The US Supreme Court will not hear the student free speech dispute; case involving a lawsuit against ASU officials
The United States Supreme Court on Friday refused to review the immunity standard that protected Arkansas State University officials who had been sued in a legal dispute over free speech rights of a student.
The Defending Freedom Alliance filed a petition in February asking the country’s highest court to reconsider a free speech lawsuit that was dismissed in 2019.
The Arizona-based conservative rights group – which has successfully argued other cases in the United States Supreme Court – claimed questions remained unresolved after the 8th Circuit appeals court upheld the dismissal of a lawsuit filed by an ASU student and a chapter of Turning Point USA, a conservative group with chapters in high schools and colleges across the country.
“We are happy to win once again as we did in the Magistrates’ Court and the 8th Circuit Court of Appeal,” ASU system spokesman Jeff Hankins said on Friday in a statement. communicated.
In October 2017, Ashlyn Hoggard, then an ASU student, and a representative from Turning Point were told by an ASU administrator that they could not have an information table in a reserved area. to the “deposit” by registered student organizations.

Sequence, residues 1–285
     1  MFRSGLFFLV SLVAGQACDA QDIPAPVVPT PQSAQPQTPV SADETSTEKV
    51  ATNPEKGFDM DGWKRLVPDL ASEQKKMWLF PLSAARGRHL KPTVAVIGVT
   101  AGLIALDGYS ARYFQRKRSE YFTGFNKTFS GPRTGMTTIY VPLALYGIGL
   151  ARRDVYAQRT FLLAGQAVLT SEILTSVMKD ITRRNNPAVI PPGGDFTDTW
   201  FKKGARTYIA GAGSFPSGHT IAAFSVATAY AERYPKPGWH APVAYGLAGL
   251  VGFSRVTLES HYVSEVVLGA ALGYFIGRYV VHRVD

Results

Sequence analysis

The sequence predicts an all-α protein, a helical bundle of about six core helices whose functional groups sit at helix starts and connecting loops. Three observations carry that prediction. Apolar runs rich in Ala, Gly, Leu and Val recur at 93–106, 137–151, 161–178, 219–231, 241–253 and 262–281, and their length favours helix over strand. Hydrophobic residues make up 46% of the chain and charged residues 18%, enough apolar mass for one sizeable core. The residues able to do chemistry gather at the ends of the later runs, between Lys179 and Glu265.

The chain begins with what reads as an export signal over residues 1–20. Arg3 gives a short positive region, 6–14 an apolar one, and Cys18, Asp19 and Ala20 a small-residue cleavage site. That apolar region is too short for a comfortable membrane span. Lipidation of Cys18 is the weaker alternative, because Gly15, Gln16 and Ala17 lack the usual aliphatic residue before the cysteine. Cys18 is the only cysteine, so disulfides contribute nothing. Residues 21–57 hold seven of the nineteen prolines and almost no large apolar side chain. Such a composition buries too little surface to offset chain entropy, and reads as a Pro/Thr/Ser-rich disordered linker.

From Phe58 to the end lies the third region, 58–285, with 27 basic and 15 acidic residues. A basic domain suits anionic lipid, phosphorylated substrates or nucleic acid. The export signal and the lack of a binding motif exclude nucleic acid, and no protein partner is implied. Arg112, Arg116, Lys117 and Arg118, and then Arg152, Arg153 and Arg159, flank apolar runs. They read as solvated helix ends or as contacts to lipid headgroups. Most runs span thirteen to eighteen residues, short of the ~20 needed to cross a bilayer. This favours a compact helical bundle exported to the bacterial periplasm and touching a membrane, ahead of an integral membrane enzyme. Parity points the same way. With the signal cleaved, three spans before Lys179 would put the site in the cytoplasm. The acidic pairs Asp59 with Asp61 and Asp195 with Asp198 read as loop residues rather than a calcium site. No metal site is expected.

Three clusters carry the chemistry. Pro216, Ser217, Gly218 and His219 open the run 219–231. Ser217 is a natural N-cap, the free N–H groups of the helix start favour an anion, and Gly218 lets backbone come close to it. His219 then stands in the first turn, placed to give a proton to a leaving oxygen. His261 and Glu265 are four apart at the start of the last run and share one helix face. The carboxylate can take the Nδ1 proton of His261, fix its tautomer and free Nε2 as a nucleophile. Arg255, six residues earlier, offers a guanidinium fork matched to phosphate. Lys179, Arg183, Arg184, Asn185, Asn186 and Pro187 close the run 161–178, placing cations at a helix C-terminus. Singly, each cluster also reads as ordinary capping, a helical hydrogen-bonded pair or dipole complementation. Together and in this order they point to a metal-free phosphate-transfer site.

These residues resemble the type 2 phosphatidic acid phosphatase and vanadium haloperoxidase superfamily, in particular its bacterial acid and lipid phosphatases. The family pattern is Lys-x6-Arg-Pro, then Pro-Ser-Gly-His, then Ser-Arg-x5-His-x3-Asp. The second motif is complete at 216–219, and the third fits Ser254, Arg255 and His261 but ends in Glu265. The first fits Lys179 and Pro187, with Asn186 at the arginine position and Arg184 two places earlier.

Policy changes were cited in a U.S. district court order dismissing the case in 2019, but the Defending Freedom Alliance has called for a review of the immunity standard for public university officials, particularly in First Amendment business.
The 8th Circuit opinion in the case states that “the application of the filing policy against Hoggard on October 11, 2017 was unreasonable and unconstitutional”, but that the defendants named in the lawsuit – including members of the council of ASU administration – “may reasonably not have understood this at the time.
In 2018, Betsy DeVos, then Secretary of Education for the United States, discussed the dispute as part of a speech criticizing actions taken by some college administrators regarding free speech on campuses.
The ASU System hired David C. Frederick, a Washington, DC-based lawyer, to defend against the Supreme Court’s petition from the advocacy group.
Frederick’s 27-page brief submitted in April said the case “concerns an isolated episode in which ASU officials enforced a now repealed policy limiting the ability to set up tables outside a student union to students. registered student organizations ”.